Te Mana o Ngāti Whātua o Kaipara

Te Reo Māori is our language and the language of Aotearoa. It is one of three official languages of the nation. The language itself is central to our Māori culture, identity and is part of the heritage of our country.

Ngā Maunga Whakahii o Kaipara emphasises it's obligation and committment to Te Reo Māori throughout the key objectives specified in the Ngāti Whātua o Kaipara Rautaki 2017 - 2050.This  page is dedicated to the sharing of Te Reo Māori information and resources for our Ngāti Whātua whānau of all ages and capabilities. If you want to add to the korero contact the office.

Karawhuia whānau!

Whakataukī /Whakatauākī mo te marama (Saying for the Month)

Each month we will add a new Whakatauki or Whakatauaki (Proverbs). Proverbs are very common in Māori.

Whakataukī are proverbs that the person who first said it first, is not known. Whakatauākī are proverbs where the person who said it first is known.

“Ka hua au ko Te Taou anake, kāore ko te Kaipara katoa” “I had thought it was Te Taou alone, not the whole of Kaipara.’

Te-Aho-o-te-Rangi of Ngāti Pāoa was scouting in Ngāti Whātua lands when suddenly he found himself surrounded by the enemy. Escape was impossible so he stood surveying the warriors with amusement. After uttering the above, he charged the enemy, dying like the brave warrior he was. The lesson in the saying is to make sure the odds are not stacked too much against the initiator of an action.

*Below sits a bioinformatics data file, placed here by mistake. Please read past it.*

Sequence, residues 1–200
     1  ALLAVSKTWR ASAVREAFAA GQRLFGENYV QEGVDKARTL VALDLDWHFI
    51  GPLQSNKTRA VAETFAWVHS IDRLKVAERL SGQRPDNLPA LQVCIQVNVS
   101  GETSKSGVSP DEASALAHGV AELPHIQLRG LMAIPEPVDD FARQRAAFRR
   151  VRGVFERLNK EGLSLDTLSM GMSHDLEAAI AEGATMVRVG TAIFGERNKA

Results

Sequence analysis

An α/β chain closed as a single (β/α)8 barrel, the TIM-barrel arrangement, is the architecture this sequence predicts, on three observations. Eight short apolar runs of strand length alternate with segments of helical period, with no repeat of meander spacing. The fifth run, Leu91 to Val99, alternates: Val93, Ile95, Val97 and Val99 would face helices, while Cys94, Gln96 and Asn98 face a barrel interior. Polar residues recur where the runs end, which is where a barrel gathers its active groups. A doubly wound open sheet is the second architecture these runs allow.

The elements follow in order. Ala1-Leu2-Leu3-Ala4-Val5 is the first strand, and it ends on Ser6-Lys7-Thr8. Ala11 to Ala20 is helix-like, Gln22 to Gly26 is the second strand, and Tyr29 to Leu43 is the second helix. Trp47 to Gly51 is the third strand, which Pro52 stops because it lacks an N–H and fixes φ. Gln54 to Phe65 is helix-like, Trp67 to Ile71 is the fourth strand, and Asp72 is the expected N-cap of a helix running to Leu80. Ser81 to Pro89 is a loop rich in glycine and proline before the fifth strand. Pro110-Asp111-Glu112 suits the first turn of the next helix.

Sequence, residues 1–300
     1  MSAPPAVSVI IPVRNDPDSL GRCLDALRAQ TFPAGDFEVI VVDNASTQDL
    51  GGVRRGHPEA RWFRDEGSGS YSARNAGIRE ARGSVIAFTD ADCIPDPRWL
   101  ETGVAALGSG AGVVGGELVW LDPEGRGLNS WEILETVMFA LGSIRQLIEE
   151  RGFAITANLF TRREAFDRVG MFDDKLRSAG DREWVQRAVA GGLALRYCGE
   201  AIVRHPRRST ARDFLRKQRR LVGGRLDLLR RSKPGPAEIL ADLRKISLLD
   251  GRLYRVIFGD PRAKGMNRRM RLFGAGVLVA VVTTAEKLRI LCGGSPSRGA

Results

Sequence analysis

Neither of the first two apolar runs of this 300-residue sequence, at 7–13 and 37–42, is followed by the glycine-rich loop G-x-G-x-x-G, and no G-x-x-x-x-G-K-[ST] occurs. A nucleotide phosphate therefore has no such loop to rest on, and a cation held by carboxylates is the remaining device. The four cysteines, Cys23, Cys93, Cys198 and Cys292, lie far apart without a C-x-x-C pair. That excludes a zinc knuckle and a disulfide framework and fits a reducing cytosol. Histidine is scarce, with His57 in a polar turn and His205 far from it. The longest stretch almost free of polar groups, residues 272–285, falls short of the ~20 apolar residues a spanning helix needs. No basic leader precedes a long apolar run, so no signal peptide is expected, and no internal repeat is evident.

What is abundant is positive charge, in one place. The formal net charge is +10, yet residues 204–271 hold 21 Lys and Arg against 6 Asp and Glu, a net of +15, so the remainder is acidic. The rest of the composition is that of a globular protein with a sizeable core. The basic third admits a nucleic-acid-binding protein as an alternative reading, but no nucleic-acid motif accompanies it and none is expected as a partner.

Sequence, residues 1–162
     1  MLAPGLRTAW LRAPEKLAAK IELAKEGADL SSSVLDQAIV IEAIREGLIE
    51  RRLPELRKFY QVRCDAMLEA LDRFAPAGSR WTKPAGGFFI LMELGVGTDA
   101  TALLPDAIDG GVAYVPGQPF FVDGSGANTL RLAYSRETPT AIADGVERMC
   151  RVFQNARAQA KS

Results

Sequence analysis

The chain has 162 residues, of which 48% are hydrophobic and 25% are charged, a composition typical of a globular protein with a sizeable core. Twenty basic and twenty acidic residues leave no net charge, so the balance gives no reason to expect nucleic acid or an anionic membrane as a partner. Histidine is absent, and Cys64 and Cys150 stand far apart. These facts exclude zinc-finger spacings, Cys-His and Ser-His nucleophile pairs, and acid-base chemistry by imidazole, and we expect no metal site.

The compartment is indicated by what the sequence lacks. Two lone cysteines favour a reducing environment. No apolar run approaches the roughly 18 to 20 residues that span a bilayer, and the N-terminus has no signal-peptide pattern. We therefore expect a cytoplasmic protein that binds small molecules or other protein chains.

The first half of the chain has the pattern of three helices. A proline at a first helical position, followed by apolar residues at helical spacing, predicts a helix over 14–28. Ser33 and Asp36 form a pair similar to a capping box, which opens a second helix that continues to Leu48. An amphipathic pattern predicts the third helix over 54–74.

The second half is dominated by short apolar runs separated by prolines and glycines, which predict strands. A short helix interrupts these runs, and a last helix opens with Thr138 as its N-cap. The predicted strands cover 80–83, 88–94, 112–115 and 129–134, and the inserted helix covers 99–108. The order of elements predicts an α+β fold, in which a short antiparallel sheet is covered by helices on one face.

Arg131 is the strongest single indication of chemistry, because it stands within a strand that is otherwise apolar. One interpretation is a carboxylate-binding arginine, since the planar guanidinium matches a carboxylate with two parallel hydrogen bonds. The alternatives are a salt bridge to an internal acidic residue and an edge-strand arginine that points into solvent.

“Taporapora whakatahuri waka, whakarere wahine” Taporapora that capsizes canoes, and bereaves women.

This proverb is still remembered today because of the many lives lost. The ancestor Rongomai who captained the canoe Mahuhu ki te Rangi came to Taporapora where he took a wife from the people of the land there. Some time later, on a fishing expedition, Rongomai was drowned and his body gnawed by trevally. It is said that his descendants do not eat those fish to this day. Rongomai’s death was attributed to the jealousy of his brothers-in-law and their acts of witchcraft, which caused his canoe to capsize when crossing the channel near Taporapora. Hence the words in his wife’s lament: “Taporapora whakatahuri waka, whakarere wahine” (Taporapora that capsizes canoes, and bereaves women). 


Kupu mo te wiki (Word for the Week)

Each Friday we will add a new kupu to add to your kete.

Koroheke                           Elderly man, grandfather, grandad, grandpa - term of address to an older man.

Anei toku Koroheke          Here is my Grandfather


Kuia                                    Elderly woman, grandmother, female elder.

Anei toku Kuia                   Here is my Grandmother


Māmā                                  Mother, mum

Anei toku Māmā                Here is my Mother/Mum


Pāpā                                    Father, Dad

Anei toku Pāpā                   Here is my Father/Dad

If you are interested in getting kupu sent to your inbox each day please click here rEGISTER ME


Te Reo Māori Resources

We will post up information about reo wananga available in your areas as well as reo resources.

Wananga near you


Kete Kohinga Korero Māori

Whiti Ora o Kaipara released this kete in 2017 as a starter pack to support the increase of reo within the home. Have you claimed your kete kohinga korero Maori home resource pack yet? A limited number of our 2018 additions were released during Te Wiki o Te Reo Maori 2018 (10 - 17 Mahuru 2018). If you want one email francine@kaiparamoana.com

Online learning

Want to get started now? Check out this site. http://www.maorilanguage.net/speak-maori/

Massey University has this new programme available. Register today. http://www.massey.ac.nz/massey/international/where-can-i-study/study-online/toromai/toromai_home.cfm


Copyright © 2018 - 2019 Nga Maunga Whakahii o Kaipara. All rights reserved.